Experiencing Chan (Zen) at WESTWOOD MONTESSORI
It was a great honor to invite the residing Director of Dharma Drum Vancouver Center, Venerable Chang Wu Fashi to teach the Eight-form Moving Meditation to teachers of Westwood Montessori.
Before I had the chance of introducing her, Venerable Chang Wu went ahead and introduced herself right after she entered the classroom, she shortly asked everyone to sit down and then started to explain to them the meaning of “Chan” in a very casual, interesting, and engaging way. What Chan means in everyday life and the benefit and influence of Chan meditation can bring about for individuals, humanity and our world.
All of the teachers attending the workshop had their first encounter with Chan at that time. To them, Chan is probably a brand new idea that they may or may not truly comprehend, or possibly their understandings were different. But after the lecture, everyone there seemed to have a little more understanding of Chan.
Before her teaching of the moving meditation, the Venerable reminded everyone to relax, to be mindful, and to minimize their effort to carry out each movement. We began our practice of the first movement, waist twisting and swinging arms. It is a movement best done when the whole body is relaxed. However, those people who have never practiced Chan meditation before, relaxation could be of great difficulty to achieve. Watching the Venerable’s movement, relaxation seemed so easy, yet achieving it was another story. We realized that relaxation is difficult to achieve! Just the simple movement of twisting waist from left to right was like a test. We were so stiff that arms do not swing softly or without tension. We could only “put” the hand on the shoulder, instead of swinging our arms naturally and in a relaxed manner. Just like what the Venerable said in her opening talk, nowadays people are not aware of how stressed out they are or how much pressure and anxiety they live their everyday life with. Relaxation exercise is a great solution to combat stress and anxiety.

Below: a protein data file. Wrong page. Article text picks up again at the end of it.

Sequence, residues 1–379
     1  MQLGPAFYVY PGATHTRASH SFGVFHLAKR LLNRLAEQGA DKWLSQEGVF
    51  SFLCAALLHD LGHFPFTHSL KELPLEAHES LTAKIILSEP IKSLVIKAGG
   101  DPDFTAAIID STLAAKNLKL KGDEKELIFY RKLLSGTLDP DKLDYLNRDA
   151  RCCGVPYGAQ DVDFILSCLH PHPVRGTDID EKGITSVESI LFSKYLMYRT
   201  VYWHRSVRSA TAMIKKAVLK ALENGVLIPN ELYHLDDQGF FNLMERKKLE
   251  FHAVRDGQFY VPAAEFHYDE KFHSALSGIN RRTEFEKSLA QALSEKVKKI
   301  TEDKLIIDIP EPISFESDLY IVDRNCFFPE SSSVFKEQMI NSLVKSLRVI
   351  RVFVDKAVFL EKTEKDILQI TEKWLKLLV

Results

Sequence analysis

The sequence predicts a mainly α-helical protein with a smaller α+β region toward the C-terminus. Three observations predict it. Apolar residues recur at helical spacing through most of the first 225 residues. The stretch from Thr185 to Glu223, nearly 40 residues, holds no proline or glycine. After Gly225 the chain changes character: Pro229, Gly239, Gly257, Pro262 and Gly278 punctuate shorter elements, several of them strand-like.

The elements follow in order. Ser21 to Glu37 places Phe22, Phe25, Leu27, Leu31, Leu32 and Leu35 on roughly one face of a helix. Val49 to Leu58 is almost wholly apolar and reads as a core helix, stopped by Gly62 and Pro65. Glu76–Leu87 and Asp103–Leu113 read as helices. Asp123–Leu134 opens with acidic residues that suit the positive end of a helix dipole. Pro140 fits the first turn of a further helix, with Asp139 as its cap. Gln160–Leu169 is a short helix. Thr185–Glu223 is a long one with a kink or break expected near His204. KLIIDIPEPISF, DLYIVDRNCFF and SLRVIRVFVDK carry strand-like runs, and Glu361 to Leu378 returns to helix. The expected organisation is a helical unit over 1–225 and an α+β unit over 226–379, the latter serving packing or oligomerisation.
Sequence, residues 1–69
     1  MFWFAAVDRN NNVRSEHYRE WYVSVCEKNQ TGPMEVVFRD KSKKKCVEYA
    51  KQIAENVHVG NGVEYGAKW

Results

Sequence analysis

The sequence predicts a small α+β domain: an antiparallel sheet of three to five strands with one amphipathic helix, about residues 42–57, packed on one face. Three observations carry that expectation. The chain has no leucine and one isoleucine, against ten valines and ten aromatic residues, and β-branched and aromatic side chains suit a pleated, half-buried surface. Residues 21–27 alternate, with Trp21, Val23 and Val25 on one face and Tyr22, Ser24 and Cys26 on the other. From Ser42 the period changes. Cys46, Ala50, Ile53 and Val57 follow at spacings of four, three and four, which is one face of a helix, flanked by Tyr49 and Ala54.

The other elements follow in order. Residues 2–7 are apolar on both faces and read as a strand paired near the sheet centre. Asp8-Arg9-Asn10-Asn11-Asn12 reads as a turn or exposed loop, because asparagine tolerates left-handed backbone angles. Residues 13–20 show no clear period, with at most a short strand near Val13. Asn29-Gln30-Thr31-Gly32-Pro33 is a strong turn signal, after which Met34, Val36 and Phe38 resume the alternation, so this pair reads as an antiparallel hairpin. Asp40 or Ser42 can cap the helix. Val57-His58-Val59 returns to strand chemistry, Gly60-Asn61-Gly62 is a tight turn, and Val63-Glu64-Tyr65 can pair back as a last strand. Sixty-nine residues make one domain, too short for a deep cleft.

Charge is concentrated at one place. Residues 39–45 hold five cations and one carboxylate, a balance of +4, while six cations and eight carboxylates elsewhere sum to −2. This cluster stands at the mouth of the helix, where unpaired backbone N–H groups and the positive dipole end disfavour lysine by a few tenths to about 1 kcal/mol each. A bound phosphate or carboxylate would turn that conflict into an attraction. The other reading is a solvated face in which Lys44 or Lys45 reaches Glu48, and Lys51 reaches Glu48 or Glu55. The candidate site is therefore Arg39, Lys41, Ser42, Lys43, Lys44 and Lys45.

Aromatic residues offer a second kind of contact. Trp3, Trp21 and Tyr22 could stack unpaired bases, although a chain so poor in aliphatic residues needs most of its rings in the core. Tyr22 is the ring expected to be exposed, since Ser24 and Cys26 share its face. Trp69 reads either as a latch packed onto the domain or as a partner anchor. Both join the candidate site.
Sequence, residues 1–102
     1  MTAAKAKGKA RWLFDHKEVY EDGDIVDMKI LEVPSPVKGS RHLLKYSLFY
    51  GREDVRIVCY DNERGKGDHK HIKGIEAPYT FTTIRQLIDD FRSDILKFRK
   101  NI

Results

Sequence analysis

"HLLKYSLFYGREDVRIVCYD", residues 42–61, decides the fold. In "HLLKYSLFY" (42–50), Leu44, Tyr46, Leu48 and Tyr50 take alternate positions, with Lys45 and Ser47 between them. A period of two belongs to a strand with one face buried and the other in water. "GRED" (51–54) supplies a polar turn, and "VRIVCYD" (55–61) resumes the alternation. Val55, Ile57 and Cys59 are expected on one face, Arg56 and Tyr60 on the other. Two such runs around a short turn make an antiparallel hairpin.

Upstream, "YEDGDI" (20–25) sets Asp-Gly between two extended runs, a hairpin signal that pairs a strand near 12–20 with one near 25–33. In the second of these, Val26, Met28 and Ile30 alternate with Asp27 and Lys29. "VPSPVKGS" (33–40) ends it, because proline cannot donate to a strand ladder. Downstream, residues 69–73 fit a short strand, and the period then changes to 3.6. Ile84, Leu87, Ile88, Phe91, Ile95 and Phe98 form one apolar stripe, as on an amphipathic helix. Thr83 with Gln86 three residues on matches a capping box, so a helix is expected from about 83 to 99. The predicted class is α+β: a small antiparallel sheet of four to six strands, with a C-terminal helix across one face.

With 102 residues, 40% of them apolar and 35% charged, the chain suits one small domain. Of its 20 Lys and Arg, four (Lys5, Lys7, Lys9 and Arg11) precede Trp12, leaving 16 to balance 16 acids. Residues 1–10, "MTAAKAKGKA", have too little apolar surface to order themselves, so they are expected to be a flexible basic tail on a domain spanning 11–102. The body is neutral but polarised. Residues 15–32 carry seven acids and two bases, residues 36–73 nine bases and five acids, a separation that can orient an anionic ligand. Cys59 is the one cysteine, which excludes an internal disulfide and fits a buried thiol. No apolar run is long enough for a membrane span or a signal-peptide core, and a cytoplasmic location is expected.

After the moving meditation practice, Venerable asked everyone to sit down and had a discussion about the class: Leah, whom had tried yoga previously, liked the pace of the class and she was able to practice relaxation and enjoyed it very much. Susan liked the calm style of the Venerable’s teaching so much that she wished she could tape the session so afterwards she could use the recording to follow along to help relax her neck, shoulders and whole body. Christine felt dizzy while doing the neck exercise, but the fifth movement of stretching the whole body was her favorite of all 8 movements. Henryk was concerned that she couldn’t have one hour per day to practice.
After Venerable explained that doing all 8 movements at once is not required and that sitting down to do the neck exercise alone will be helpful also, then the teachers felt relived and expressed the possibilities of practicing everyday.
The 2 hours class quickly came to an end, Fashi gave everyone the dvd of the 8 moving meditation as gifts to help them with practicing at home. Fashi also instruct me on how to arrange time to for everyone to practice together. I would like to thank Fashi and Ru-Juang Shije to come all the way to Coquitlam to teach the moving meditations to the teachers. And most of all, I was very happy to bring “Zen” that I had benefit greatly from to the school teachers, and were taught to them so clearly and systematic by Fashi and Shije. I believed that this “new experience of Zen practice” will benefit the teacher greatly, both physically and mentally. And hope that in the near future there will be “Zen practice experience again”!
(Shared by DDM Vancouver Center)